Sorry for the FAQ, but I really don't know where to find a full spreadsheet for element properties. I mean a table that has one row for each element, and the columns are its properties, such as name, atomic number, density, melting point, etc. I know that there are many sites or references for that, but I need it in tabular format, because I want to analyze data, make charts, etc.

• Something like this? – Aditya Sriram Dec 19 '12 at 9:39
• Or if someone knows programming, they can web-scrape source code of this website.(Don't know if it is legal) – Aditya Sriram Dec 19 '12 at 11:19
• Yes, @AdityaSriram, That's exactly what I wanted – Mostafa Farzán Dec 19 '12 at 12:57
• just visit "images-of-elements.com/element-properties.php" and "select all" and copy to excel – user1770 Jun 8 '13 at 8:23

Well, here's a CSV file that I parsed out of the JSON data provided by Paul Nathan's website, which in turn was produced from gPeriodic data in response to this question. gPeriodic is FOSS, so I can only assume that the element data contained within is good to share, though I have no idea of its provenance.

The parser uses the python json module to read the data, which I then wrote into comma separated values, which should be readable by any halfway competent spreadsheet program.

save it as elementdata.csv and you're good to go.

Some gotchas:

• This reproduces the gPeriodic data, warts and all. I make no guarantees regarding its correctness, recency, etc. I just munged the data.
• Some of the data is augmented with tildes, notes about temperature/polymorph/state etc. I've left these as they are but you may need to trim them if you want to plot them as numeric values.
• Argon had an atomic radius of '2-', whatever that means. I cut it.
• Excel is joke software and habitually interprets numbers wrapped in parentheses as negatives, because apparently some accountants decided that surrounding numbers in parens is a more sensible option than using a minus sign. Needless to say, this is wrong. I've addressed the problem by wrapping the affected numbers in angle brackets.
• There are no ionic radii in the source data. At all. Not my fault.
• The columns inherit the units of the source data. I've left the units out on purpose because I wanted each column to have no spaces in the name for ease of processing in R or whatever. Furthermore, the units in the source file have some inconvenient characters from an encoding perspective.

Tried plotting Z versus covalent radius in R from this data - looks alright:

Some of the data points are missing, some are not read by R because they are wrapped in <> - pre-process to your heart's content.

• Thanks, man but @AdityaSriram got me the excel file that I had described. Another time, thank you. – Mostafa Farzán Dec 19 '12 at 13:00
• @MostafaFarzán - No offence intended to Aditya, but the data that I link to contains considerable additional information that may be quite interesting to plot. Moreover, as a .csv, it can be opened in excel as well as literally hundreds of other programs on all platforms, making it considerably more portable than an .xls, for which interoperability has always been a low priority for Microsoft. – Richard Terrett Dec 19 '12 at 14:08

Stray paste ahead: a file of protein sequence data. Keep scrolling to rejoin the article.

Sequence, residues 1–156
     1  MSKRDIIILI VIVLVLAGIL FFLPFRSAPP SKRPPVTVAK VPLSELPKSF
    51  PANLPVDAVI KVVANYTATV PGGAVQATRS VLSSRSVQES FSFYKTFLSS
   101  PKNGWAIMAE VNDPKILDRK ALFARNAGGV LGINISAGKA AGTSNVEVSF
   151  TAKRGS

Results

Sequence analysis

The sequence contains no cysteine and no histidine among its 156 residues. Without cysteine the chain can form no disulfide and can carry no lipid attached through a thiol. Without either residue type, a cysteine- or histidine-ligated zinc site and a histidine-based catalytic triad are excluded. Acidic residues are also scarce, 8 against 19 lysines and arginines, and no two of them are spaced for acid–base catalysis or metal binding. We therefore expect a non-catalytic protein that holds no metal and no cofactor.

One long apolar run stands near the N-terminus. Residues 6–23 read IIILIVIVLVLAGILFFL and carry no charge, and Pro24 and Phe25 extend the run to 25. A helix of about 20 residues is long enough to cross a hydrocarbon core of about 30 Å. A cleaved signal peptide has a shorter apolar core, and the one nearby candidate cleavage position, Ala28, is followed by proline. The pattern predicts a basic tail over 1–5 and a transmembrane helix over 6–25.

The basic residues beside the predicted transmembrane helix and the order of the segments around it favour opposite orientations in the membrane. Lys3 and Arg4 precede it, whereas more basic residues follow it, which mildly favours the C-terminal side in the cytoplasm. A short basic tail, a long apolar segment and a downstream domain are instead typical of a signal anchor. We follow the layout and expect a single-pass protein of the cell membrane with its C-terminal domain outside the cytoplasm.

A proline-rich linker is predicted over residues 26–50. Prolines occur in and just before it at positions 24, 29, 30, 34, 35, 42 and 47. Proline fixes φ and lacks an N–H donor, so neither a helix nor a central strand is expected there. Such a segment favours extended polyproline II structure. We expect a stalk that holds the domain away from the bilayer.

• Sorry, I didn't know that excel can open these files. The file was cool, but like that xls file, needs some works before charting. – Mostafa Farzán Dec 19 '12 at 15:24
• "No offence intended to Aditya" -> None taken. – Aditya Sriram Dec 22 '12 at 12:13
• This data hasn't been updated with the 2016 element names. – sean Nov 28 '18 at 9:56

Fine, here's my data taken from the reference mentioned in my above comment. I cannot vouch for it's accuracy.
This is in the .csv file format for its wide use as enlightened by Richard Terrett. You can combine certain ranges from this csv/spreadsheet to the one prepared by Richard, because it contains certain properties not contained in Richard's source.
Also there are certain properties in Richard's file which are absent/improper in mine so this file is best used in conjunction with Richard's file.

• Not bad! I assume this was obtained via scraping the ChemReference site? – Richard Terrett Dec 22 '12 at 13:07
• Yes from the (chem *cough* refer *cough* ence site). First copied the source HTML, used Python-Beautiful Soup to get just the periodic <table> part then wrote a program to gather data/properties from the <h1>,<h2>,<h3> and <h4> tags into dictionaries finally output the dictionary contents into a csv file. – Aditya Sriram Dec 23 '12 at 4:23
• This data hasn't been updated with the 2016 element names. – sean Nov 28 '18 at 9:56

I found a nice json database here (it may have errors, I wouldn't know, but there are links to the original sources).

Best visualised with Chernoff faces IMO,

library(jsonlite)
library(ggplot2)
library(ggChernoff)

# https://github.com/Bowserinator/Periodic-Table-JSON
d <- fromJSON('PeriodicTableJSON.json')[["elements"]]

ggplot(d, aes(xpos,10-ypos)) +
geom_chernoff(aes(fill=category, size = phase, smile = density, brow = molar_heat)) +
geom_text(aes(label=symbol), vjust=2.5) +
guides(fill=guide_legend(ncol=2)) +
theme_void() +
scale_brow_continuous(breaks = c(10, 25, 50))+
theme(legend.position = 'right', panel.background = element_rect(colour="black"))


I've collected a lot data on the elements from several sources and built a small python package around it called mendeleev. The data is contained in a SQLite3 database from which you can easily extract csv files of individual tables.

Most of the data if properly referenced so you can trace back its origin.

Moreover since the interface is written in Python you can easily plot and analyze the data if needed.